Stenting with Platelet IIb/IIIa Inhibitors

ABSTRACT & COMMENTARY

Synopsis: Abciximab substantially improves the safety of angioplasty with stenting.

Source: The EPISTENT Investigators. Lancet 1998; 352:87-92.

Because of reduced repeat revascularization rates, coronary stents have become the main approach to coronary revascularization. Prevention of stent thrombosis usually involves the administration of heparin followed by aspirin and ticlopidine for several days. Platelet IIb/IIIa receptor inhibitors have been shown to improve outcomes in balloon angioplasty, but their role with stenting is unclear. Thus, the report of the Evaluation of Platelet IIb/IIIa Inhibitor for Stenting (EPISTENT) trial is of interest. The investigators in 63 U.S. and Canadian hospitals randomized 2399 patients undergoing coronary artery revascularization to stenting plus placebo, stenting plus abciximab, or balloon angioplasty plus abciximab. The primary end point was death, myocardial infarction, or urgent re-revascularization within 30 days. All patients received heparin and aspirin, and many received ticlopidine before abciximab administration. The primary end point was lowest in the stent plus abciximab group (5.3%) and the balloon angioplasty plus abciximab (6.9%) vs. the stent plus placebo group (10.8%). Also, death or large myocardial infarction (MI) occurred less frequently in the abciximab groups. In addition, abciximab significantly reduced side branch occlusion compared to placebo. Interestingly, women had better results with angioplasty plus abciximab vs. stenting plus abciximab, which was opposite the results in men. There was no difference in major bleeding complications between the three groups. The investigators conclude that abciximab substantially improves the safety of angioplasty with stenting.

COMMENT BY MICHAEL H. CRAWFORD, MD

Previously published reports from three trials (EPIC, EPILOG, and CAPTURE) have established that better outcomes are obtained with coronary angioplasty of complex lesions or high-risk patients if abciximab is used. Thus, because of the cost of this agent (approximately $1500 per dose), most laboratories have limited its use to such cases. Not surprisingly, this trial of abciximab with routine stenting of all cases shows markedly better 30-day outcomes with the use of the IIb/IIIa inhibitor. Whether the gain will be maintained after 30 days remains to be proven, but it likely will since the major benefit was a 50% reduction in large MI; such an outcome is likely to be of prognostic value for outcomes after 30 days. Consequently, the authors state that "our trial provides strong evidence that the armamentarium of heparin, aspirin, and ticlopidine is insufficient and that a decrease of more than 50% in major events can be achieved with abciximab," and "a new standard of care for prevention of major adverse ischaemic outcomes with percutaneous coronary revascularization procedures has emerged." Strong words to show your hospital administrator. Since about two-thirds of percutaneous coronary procedures involve at least one stent placement, adopting a policy of abciximab for all stent palcements will result in higher procedure costs. Whether the gains in preventing future events will offset these costs has not been shown. My guess is that many health plans will await such data before adopting this "new standard of care."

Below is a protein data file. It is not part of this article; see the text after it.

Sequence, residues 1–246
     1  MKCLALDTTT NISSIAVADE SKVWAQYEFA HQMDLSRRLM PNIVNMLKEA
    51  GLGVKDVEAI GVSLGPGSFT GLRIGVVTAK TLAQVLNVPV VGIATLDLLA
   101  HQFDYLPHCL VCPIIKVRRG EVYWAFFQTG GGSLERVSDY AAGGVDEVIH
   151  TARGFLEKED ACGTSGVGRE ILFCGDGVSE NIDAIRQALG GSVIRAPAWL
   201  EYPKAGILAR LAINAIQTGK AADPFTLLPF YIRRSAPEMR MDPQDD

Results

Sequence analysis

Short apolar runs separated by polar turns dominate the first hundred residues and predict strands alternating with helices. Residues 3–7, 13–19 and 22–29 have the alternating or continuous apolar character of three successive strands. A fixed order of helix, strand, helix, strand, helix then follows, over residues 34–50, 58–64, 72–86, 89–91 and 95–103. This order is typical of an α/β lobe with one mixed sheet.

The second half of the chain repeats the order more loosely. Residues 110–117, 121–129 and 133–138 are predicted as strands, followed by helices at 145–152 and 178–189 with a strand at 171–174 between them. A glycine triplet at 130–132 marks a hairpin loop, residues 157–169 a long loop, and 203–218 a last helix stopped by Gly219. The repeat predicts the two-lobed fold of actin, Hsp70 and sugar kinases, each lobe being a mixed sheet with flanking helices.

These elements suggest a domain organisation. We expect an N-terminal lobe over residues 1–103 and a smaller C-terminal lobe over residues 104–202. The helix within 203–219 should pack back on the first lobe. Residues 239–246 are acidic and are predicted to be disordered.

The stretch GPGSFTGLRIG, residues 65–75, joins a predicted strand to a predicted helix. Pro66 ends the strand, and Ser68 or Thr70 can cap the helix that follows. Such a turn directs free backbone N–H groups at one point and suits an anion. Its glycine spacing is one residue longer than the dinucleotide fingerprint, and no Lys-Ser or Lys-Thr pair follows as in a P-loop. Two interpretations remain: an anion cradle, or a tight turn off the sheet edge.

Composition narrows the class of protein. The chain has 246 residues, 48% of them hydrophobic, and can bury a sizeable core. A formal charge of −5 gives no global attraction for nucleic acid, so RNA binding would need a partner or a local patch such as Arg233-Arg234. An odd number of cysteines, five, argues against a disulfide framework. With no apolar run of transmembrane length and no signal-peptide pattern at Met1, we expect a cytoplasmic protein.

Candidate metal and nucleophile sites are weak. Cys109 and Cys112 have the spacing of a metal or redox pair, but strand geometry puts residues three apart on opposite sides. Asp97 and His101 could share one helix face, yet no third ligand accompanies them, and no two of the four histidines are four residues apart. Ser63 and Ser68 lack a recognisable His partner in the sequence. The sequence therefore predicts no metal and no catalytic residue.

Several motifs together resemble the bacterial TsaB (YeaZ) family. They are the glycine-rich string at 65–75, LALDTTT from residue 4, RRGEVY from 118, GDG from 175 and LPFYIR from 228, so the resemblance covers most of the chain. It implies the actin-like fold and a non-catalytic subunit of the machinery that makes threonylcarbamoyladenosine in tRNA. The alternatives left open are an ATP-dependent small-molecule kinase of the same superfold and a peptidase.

The fact that the stent placebo group had a slightly higher subsequent event rate than prior balloon angioplasty alone trials makes sense, since the metal stent and side branch occlusions probably increase the incidence of coronary thrombosis. Interestingly, inhibiting this response with abciximab plus aspirin and ticlopidine did not increase major bleeding episodes, although minor episodes did occur more frequently (2.9% vs l.7%). The investigators attributed this to tight control of heparin during the procedure and its discontinuation before sheaths were pulled.

A limitation of this study was the lack of a balloon angioplasty placebo group. Thus, confirmation of the superiority of abciximab in balloon angioplasty could not be assessed in this cohort of patients, which was more inclusive than prior balloon angioplasty trials with abciximab. This deficiency makes it more difficult to understand the better results in women with balloon angioplasty plus abciximab vs. stenting with abciximab. Hospital administrators may argue that women may not need stents if abciximab is used-a nice cost trade-off.